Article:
Your Average Nigga (Paperback)
Performing Race, Literacy, and Masculinity (African American Life)
Wayne State University Press, 9780814332481, 192pp.
Publication Date: March 1, 2007
In Your Average Nigga, Vershawn Ashanti Young disputes the belief that speaking Standard English and giving up Black English Vernacular helps black students succeed academically. Young argues that this assumption not only exaggerates the differences between two compatible varieties of English but forces black males to choose between an education and their masculinity, by choosing to act either white or black. As one would expect from a scholar who is subject to the very circumstances he studies, Young shares his own experiences as he exposes the factors that make black racial identity irreconcilable with literacy for blacks, especially black males.
Drawing on a range of interdisciplinary scholarship in performance theory and African American literary and cultural studies, Young shows that the linguistic conflict that exists between black and white language styles harms black students from the inner city the most. If these students choose to speak Standard English they risk alienating themselves from their families and communities, and if they choose to retain their customary speech and behavior they may isolate themselves from mainstream society. Young argues that this conflict leaves blacks in the impossible position of either trying to be white or forever struggling to prove that they are black enough. For men, this also becomes an endless struggle to prove that they are masculine enough. Young calls this constant effort to display proper masculine and racial identity the burden of racial performance.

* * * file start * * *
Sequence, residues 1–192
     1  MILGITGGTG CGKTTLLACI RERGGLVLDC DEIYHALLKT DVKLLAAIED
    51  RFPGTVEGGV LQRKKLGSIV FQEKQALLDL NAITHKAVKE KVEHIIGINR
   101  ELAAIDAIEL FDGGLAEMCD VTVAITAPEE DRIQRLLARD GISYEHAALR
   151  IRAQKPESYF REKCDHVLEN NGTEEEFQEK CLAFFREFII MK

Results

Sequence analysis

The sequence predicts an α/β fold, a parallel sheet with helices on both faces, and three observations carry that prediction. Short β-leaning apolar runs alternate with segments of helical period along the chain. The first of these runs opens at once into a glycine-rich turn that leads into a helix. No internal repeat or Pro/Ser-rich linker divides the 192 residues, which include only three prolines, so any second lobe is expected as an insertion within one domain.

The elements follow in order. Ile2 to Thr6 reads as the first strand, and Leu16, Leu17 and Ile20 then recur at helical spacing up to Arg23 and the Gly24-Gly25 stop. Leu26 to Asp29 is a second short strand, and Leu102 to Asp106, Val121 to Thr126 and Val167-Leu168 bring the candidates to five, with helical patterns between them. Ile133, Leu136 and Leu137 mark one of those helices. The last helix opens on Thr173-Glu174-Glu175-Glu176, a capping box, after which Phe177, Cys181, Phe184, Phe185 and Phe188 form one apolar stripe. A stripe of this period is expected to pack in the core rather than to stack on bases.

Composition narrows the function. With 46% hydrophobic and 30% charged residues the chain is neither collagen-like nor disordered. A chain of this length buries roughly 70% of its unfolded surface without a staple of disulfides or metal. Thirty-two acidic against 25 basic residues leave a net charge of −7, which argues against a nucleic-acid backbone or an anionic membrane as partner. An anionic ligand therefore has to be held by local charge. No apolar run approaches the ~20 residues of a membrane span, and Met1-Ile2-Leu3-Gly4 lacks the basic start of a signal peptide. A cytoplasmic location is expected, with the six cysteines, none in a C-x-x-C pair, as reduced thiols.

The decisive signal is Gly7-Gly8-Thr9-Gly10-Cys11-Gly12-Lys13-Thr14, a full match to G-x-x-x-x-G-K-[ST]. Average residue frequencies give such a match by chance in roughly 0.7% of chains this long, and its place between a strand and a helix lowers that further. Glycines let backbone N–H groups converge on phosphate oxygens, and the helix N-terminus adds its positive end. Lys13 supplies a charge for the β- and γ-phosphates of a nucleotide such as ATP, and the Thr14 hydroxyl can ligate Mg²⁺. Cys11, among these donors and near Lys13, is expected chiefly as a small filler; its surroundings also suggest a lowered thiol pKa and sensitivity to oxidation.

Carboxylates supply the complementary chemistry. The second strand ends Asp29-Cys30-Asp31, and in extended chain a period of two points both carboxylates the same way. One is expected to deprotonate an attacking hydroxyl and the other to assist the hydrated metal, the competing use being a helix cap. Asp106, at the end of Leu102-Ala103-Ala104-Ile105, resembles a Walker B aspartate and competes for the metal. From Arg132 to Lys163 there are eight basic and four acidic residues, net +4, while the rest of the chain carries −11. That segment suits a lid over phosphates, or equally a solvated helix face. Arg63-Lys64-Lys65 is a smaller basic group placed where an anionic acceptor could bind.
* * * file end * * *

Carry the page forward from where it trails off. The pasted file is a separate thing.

Ultimately, Young argues that racial and verbal performances are a burden because they cannot reduce the causes or effects of racism, nor can they denaturalize supposedly fixed identity categories, as many theorists contend. On the contrary, racial and verbal performances only reinscribe the essentialism that they are believed to subvert. Scholars and teachers of rhetoric, performance studies, and African American studies will enjoy this insightful volume.